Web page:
• Publications by Dieter Helm

    The Return of the CEGB - Britain’s central buyer model

    26th June 2014

    Though no part of any grand plan, and certainly not by intention, the British energy market has morphed from a liberalized quasi-competitive market into one that is driven by the state. It has happened largely by accident rather than design, but it also has a remorseless political economy logic behind it. It is the unintended consequence of a long series of well-intended interventions. The result is closer to the old nationalized industry command-and-control structures, which had the Central...

    Energy Regulation

  • Publications by Dieter Helm

    Ukraine, Europe and Energy

    1st June 2014

    After a short pause, the borders of east and southeast Europe are again in flux, as they have been on and off since the early Russian people established Kiev as their capital. Crimea was annexed by Catherine the Great. The British and others fought the Crimean War in the nineteenth century and Russia’s imperial expansion towards the Balkans helped to trigger the First World War. Stalin created the greatest Russian empire – the Soviet Union – which Gorbachev lost. Putin regards...

    Energy Europe Infrastructure

  • Presentations by Dieter Helm

    Europe’s Energy Future: Rejuvenation or decline?

    22nd May 2014

    Slidepack for the FLAME 2014 conference May 22nd 2014. AGENDA Europe’s assumed future in the 2000’s 2020 – 20 – 20 and the Internal Energy Market The new global context Dirty Europe and the dash-for-coal Uncompetitive Europe Insecurity and the Russian threat What next?  

    Carbon Climate Electricity Energy Environment Europe Gas Infrastructure Nuclear Renewables

  • Publications by Dieter Helm

    A Credible European Security Plan

    22nd May 2014

    Third in a series of Commentaries for the Energy Futures Network

    Carbon Climate Electricity Energy Europe Gas Infrastructure Nuclear Renewables

  • Media articles by Dieter Helm

    Lech Energy Forum comments - Energy DG Newsletter April 2014

    11th April 2014

    There is a new mood of realism pervading debates about European energy and climate policy, and this was reflected in discussions at the April 2014 Lech Energy Forum. The new realism reflects three big challenges.  First, US shale gas has changed the terms of trade, and there is almost no new energy intensive investment in Europe. Second, the renewables are not going to be competitive against conventional fuels for a long time to come. The illusion that European leaders had a decade ago...


  • Publications by Dieter Helm

    European energy and climate policy in the face of the Russian interventions in Crimea and Ukraine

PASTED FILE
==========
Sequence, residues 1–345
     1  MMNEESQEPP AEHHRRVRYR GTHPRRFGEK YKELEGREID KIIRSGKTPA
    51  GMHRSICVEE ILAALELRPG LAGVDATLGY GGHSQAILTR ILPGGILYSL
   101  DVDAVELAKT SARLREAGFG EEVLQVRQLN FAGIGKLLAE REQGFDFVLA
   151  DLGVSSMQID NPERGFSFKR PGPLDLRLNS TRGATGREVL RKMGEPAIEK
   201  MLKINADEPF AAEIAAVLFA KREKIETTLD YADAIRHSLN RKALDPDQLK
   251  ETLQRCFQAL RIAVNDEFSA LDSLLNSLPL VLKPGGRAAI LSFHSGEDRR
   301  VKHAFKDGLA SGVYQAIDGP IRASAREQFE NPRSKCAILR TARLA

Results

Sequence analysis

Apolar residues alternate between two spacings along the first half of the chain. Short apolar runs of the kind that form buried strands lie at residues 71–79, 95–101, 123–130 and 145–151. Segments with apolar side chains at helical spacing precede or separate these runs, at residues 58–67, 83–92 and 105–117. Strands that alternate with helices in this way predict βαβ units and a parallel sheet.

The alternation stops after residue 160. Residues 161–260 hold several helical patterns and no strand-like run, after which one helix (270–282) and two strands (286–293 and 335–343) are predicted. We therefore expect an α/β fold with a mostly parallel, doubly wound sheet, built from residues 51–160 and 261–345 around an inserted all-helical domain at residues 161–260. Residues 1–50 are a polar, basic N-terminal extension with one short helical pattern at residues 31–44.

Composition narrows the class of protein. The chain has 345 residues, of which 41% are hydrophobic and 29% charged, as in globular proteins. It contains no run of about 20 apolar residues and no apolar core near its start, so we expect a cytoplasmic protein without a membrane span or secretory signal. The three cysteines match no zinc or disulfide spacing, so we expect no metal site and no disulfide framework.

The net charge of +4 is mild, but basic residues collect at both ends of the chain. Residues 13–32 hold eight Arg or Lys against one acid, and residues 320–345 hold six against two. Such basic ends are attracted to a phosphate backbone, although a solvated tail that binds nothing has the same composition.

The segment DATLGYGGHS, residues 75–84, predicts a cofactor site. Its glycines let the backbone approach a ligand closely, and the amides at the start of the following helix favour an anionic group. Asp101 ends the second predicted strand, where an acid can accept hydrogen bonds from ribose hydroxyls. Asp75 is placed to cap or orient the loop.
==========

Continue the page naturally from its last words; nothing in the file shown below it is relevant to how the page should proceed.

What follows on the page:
16th March 2014

    Second in a series of Commentaries for the Energy Futures Network

    Energy Europe Infrastructure

  • Publications by Dieter Helm

    Electricity and Energy Prices

    11th February 2014

    First in a series of Commentaries for the Energy Futures Network

    Electricity Energy Europe

  • Publications by Dieter Helm

    The current situation and mid-term prospects for European electricity markets

    28th January 2014

    It is fashionable to state that there are three objectives of European energy policy: security of supply, low carbon and affordability. Yet this “trilemma”—how to achieve all of these three simultaneously—is far from straightforward. None of the three objectives is well defined. What does security mean? Some suggest this means self-sufficiency, yet a moment’s reflection tells us that if in the last century Europe had pursued this, then not much economic development...

    Climate Electricity Energy Environment Europe Gas Nuclear Renewables

  • Publications by Dieter Helm

    All change: the Unfolding Geopolitics of Oil and Gas in the US and the Middle East

    12th December 2013

      The geopolitics of oil has remained remarkably static for the last 40 years since the Iranian Revolution at the end of the 1970s. The stylized facts have been that the US would have to import ever more oil to meet its ever growing demand, and that the Middle East would increase its dominance. To meet this demand, the US remained committed to keeping the Gulf open, and to support Saudi Arabia as its key ally against the pariah state of Iran. The established order relied on three related...

    Energy Infrastructure

  • Presentations by Dieter Helm

    European energy policy in the new geopolitical context

    23rd October 2013

      The European energy and climate narrative - what the leaders believed back in 2005-07 The transformation of US and global energy markets The geopolitical implications - for the US, for China, for Russia The alarming implications for Europe - less security, higher carbon consumption and less affordability and competitiveness The options now - what is to be done?    

    Energy Europe